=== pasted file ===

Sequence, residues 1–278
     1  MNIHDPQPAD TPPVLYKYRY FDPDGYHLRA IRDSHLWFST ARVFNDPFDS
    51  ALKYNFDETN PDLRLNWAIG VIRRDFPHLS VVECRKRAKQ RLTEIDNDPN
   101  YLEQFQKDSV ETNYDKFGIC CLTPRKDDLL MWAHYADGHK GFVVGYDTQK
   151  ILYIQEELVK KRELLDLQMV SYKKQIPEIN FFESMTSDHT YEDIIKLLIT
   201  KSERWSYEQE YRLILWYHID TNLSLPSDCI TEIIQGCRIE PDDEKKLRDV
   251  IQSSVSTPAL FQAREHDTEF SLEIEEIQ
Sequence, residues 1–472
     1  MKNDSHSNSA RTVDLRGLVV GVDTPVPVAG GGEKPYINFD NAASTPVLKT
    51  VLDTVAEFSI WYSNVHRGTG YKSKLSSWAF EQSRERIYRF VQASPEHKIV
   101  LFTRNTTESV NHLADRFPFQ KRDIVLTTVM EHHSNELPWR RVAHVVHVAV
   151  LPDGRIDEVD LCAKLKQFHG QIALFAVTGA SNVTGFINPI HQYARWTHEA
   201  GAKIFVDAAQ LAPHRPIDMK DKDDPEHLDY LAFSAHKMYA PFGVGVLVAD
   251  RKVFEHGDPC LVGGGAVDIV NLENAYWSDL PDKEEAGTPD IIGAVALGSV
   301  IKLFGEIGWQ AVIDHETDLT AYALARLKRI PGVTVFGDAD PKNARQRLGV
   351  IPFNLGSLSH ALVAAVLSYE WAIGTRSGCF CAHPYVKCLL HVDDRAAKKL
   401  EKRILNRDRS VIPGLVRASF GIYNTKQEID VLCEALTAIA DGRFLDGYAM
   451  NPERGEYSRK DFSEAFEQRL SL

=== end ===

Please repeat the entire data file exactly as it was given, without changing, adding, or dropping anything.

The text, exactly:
Sequence, residues 1–278
     1  MNIHDPQPAD TPPVLYKYRY FDPDGYHLRA IRDSHLWFST ARVFNDPFDS
    51  ALKYNFDETN PDLRLNWAIG VIRRDFPHLS VVECRKRAKQ RLTEIDNDPN
   101  YLEQFQKDSV ETNYDKFGIC CLTPRKDDLL MWAHYADGHK GFVVGYDTQK
   151  ILYIQEELVK KRELLDLQMV SYKKQIPEIN FFESMTSDHT YEDIIKLLIT
   201  KSERWSYEQE YRLILWYHID TNLSLPSDCI TEIIQGCRIE PDDEKKLRDV
   251  IQSSVSTPAL FQAREHDTEF SLEIEEIQ
Sequence, residues 1–472
     1  MKNDSHSNSA RTVDLRGLVV GVDTPVPVAG GGEKPYINFD NAASTPVLKT
    51  VLDTVAEFSI WYSNVHRGTG YKSKLSSWAF EQSRERIYRF VQASPEHKIV
   101  LFTRNTTESV NHLADRFPFQ KRDIVLTTVM EHHSNELPWR RVAHVVHVAV
   151  LPDGRIDEVD LCAKLKQFHG QIALFAVTGA SNVTGFINPI HQYARWTHEA
   201  GAKIFVDAAQ LAPHRPIDMK DKDDPEHLDY LAFSAHKMYA PFGVGVLVAD
   251  RKVFEHGDPC LVGGGAVDIV NLENAYWSDL PDKEEAGTPD IIGAVALGSV
   301  IKLFGEIGWQ AVIDHETDLT AYALARLKRI PGVTVFGDAD PKNARQRLGV
   351  IPFNLGSLSH ALVAAVLSYE WAIGTRSGCF CAHPYVKCLL HVDDRAAKKL
   401  EKRILNRDRS VIPGLVRASF GIYNTKQEID VLCEALTAIA DGRFLDGYAM
   451  NPERGEYSRK DFSEAFEQRL SL